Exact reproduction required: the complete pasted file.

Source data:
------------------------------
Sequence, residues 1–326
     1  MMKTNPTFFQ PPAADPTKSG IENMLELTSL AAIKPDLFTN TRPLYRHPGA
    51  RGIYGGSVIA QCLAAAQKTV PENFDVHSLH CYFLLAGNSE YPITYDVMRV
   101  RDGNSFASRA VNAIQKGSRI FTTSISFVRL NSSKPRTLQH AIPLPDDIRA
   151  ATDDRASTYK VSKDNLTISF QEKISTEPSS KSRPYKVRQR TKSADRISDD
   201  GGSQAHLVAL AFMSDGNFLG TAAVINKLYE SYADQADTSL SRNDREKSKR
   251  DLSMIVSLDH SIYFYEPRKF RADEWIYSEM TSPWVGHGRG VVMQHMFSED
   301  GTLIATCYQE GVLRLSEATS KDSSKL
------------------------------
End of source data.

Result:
Sequence, residues 1–326
     1  MMKTNPTFFQ PPAADPTKSG IENMLELTSL AAIKPDLFTN TRPLYRHPGA
    51  RGIYGGSVIA QCLAAAQKTV PENFDVHSLH CYFLLAGNSE YPITYDVMRV
   101  RDGNSFASRA VNAIQKGSRI FTTSISFVRL NSSKPRTLQH AIPLPDDIRA
   151  ATDDRASTYK VSKDNLTISF QEKISTEPSS KSRPYKVRQR TKSADRISDD
   201  GGSQAHLVAL AFMSDGNFLG TAAVINKLYE SYADQADTSL SRNDREKSKR
   251  DLSMIVSLDH SIYFYEPRKF RADEWIYSEM TSPWVGHGRG VVMQHMFSED
   301  GTLIATCYQE GVLRLSEATS KDSSKL